I know, I know, they’ve got a lot on their plate. But we need them. We need them to confirm the notion that the thankless, unpaid drudgery of nuclear motherhood is a product of the astonishing degree to which everyone hates women. We need them to affirm that the nuclear family system doesn’t work. We need them to cop to the fact that nuclear mothers are in an untenable position, often stuck between poverty and either some crap marriage or some crap job or, holy shit, both. We need them to affirm that, as an oppressed class, nothing they do is without political significance. And we especially need them — this one, ho boy, is the biggie — to quit defending nuclear motherhood, because when they defend nuclear motherhood, they are defending the primary method by which patriarchy replicates itself.
Of course we forget how much we’re asking of these women. Some of us are not, perhaps, as keenly sensitive as we might be to the extent of such women’s investment in patriarchy. This investment is often substantial — in many ways more so than that of non-mothers, and it is often invisible to them. So often they’ve married men, changed their names, totally immersed themselves in the nuclear motherhood identity. Of course they have; it’s been expected of them since the cradle. And of course it’s a lot more complicated than that; their husbands are abusive, or they suffer from depression, or they’ve got a special-needs kid, or they’re finally in a pretty good space at the moment and don’t want to rock the boat. Because of the bogus set-up, even the consciousness-raised feminist mother’s survival, and that of her kids, more or less depends on playing nice with the dominant culture. So what we’re asking is no less than a voluntary rejection — ideologically, if not practically — of pretty much their entire reality. Heavy-duty.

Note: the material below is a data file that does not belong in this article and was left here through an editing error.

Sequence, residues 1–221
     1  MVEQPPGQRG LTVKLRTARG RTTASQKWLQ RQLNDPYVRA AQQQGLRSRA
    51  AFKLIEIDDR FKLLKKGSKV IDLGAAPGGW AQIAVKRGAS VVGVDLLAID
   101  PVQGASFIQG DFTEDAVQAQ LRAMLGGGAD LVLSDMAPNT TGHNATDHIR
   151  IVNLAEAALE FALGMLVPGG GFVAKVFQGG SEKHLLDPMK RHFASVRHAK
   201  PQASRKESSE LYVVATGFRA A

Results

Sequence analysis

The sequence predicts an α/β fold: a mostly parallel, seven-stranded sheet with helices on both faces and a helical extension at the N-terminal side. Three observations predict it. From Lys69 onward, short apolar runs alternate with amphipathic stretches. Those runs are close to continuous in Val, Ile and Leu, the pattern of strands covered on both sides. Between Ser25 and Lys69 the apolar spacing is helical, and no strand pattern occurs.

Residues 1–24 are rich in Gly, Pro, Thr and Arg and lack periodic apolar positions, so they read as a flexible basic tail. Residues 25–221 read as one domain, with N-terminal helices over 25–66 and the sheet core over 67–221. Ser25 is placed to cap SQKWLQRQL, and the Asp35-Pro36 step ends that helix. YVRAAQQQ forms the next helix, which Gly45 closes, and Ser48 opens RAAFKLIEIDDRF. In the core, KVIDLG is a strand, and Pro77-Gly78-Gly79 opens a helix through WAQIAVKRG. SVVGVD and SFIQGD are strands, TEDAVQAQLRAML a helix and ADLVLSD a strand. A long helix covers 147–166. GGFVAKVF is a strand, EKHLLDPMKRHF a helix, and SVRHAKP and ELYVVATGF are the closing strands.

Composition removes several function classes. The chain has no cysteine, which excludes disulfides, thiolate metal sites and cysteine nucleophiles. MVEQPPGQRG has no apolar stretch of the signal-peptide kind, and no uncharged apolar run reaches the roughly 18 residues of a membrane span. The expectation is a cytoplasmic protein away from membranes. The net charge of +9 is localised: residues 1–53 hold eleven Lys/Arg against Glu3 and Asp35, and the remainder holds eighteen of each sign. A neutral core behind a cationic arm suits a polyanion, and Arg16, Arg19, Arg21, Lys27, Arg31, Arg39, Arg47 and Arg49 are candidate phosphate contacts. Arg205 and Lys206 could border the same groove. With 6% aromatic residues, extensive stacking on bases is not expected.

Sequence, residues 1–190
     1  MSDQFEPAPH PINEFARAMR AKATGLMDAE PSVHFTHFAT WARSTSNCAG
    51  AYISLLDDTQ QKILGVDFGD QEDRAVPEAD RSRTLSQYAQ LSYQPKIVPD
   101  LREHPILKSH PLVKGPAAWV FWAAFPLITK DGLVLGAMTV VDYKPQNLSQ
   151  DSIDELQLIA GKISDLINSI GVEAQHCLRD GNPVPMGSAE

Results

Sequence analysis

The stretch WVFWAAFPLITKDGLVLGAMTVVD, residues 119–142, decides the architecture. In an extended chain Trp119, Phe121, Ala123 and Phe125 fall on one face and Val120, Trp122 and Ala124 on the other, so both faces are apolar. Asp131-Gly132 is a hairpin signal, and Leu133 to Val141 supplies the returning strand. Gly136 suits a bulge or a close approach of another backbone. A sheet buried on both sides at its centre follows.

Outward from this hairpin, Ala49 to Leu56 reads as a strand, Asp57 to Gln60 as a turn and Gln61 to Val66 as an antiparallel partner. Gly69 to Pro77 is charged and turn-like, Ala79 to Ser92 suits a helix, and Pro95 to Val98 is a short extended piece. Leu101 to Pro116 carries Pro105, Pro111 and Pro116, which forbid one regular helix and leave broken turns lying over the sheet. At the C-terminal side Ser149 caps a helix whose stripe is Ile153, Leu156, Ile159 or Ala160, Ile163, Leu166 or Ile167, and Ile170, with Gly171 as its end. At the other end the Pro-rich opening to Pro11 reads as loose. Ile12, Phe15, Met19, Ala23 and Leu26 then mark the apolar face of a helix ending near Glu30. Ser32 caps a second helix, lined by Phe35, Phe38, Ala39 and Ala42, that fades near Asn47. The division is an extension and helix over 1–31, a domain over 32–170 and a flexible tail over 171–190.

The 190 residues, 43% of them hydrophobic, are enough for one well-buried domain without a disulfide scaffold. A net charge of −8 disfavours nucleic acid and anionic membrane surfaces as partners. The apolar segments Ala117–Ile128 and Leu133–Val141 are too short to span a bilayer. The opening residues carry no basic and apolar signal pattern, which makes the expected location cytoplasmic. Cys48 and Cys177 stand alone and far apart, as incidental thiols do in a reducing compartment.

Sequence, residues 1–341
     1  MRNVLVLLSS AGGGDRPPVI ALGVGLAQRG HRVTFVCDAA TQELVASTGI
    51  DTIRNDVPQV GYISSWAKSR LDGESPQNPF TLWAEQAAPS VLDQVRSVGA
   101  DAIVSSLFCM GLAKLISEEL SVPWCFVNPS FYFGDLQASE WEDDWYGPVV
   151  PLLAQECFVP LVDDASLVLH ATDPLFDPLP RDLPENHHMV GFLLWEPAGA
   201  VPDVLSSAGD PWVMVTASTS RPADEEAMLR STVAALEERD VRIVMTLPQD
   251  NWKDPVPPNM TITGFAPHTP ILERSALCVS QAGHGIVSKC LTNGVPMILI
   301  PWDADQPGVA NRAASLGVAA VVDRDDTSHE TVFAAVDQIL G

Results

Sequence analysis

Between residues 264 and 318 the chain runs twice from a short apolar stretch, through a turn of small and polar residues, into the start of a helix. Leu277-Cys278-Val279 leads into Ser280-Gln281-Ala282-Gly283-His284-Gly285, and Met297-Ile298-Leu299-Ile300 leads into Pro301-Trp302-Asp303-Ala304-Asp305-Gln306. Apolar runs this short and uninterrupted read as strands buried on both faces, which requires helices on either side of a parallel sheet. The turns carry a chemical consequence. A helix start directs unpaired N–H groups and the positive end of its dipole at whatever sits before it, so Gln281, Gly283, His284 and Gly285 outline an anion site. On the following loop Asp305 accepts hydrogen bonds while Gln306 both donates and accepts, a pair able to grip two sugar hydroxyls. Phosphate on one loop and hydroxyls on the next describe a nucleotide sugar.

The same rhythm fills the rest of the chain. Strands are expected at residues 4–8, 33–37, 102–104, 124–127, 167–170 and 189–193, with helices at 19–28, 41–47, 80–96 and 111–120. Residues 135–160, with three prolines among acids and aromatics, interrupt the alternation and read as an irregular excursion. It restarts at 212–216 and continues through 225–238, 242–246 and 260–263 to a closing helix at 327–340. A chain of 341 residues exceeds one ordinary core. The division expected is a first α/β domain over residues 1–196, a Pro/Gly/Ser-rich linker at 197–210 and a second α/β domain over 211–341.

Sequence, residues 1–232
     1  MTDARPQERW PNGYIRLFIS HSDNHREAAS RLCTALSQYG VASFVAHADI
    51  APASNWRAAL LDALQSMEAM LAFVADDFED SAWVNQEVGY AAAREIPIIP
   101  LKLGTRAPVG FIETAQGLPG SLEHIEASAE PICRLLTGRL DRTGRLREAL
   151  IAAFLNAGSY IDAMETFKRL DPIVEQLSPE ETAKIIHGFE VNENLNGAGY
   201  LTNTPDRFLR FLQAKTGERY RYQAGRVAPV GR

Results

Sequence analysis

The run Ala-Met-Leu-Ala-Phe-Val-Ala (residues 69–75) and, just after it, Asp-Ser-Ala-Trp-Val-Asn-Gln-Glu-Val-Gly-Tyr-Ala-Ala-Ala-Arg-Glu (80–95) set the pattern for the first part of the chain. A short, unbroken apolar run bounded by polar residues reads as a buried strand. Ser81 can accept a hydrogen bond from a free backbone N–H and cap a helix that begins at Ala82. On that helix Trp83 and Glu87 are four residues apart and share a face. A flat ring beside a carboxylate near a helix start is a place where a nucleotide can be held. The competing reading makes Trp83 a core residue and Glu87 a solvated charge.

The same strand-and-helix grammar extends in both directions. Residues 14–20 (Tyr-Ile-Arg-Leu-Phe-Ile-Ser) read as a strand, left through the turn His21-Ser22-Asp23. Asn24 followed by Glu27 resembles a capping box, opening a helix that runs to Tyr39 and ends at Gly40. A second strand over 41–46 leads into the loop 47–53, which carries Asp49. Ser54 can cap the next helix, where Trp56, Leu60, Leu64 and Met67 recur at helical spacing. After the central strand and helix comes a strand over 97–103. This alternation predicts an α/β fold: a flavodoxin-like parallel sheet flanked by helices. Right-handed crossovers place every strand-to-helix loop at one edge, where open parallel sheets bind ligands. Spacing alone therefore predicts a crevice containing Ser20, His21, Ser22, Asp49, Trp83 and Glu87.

This might be a good time to remind the group of the official position of this blog: that neither women as a class nor individual women are to blame for their own oppression, or for implementing such survival strategies as they have found necessary.
So, blamin’ mothers out there, you go girls. We know it’s tough in the trenches.
As an aside, I would like to point out that there is no word in the English language meaning “woman who doesn’t engage in human reproduction” which does not involve the prefix “non-” (“non-mother”) or connote some negative medical condition (“barren”) or express the condition in terms of negative space (“childless”). Even the attempt to turn it into a positive — “child-free” — is clumsy and kind of smug, and defines the person in question in terms of another entity. I mean, there’s no antonym for “mother.” You can’t, because bias is built into the language, write an essay using the phrase “mothers and blorts alike enjoyed a pitcher of delicious margs on the Lido deck.”
I blame, it will come as no surprise, the patriarchy.
Speaking of “support,” another aside: You know, although coping strategies often pop up in the discussion, this blog isn’t really a support group, per se, in that its primary focus is on patriarchy-spotting rather than on survival tips. I sure wish somebody would write that blog, though, because everyone sure gets tired of me de-transparentizing their oppression without offering any handy solutions that don’t involve the word “revolution.” I’m such a goddam downer.
* UPDATE: A communiqué from a long-time blamer reminds me that there is, in fact, a third “option.” She says, “There is the third, and for me most depressing, permutation of doing one paid job and paying another woman daily only slightly more than you pay for a meal – and in many cases considerably less than a meal – to raise your own kids.
These paid kid-raising women of course are most often doing 2 jobs themselves. The patriarchy has the slavery loop well sewn up.”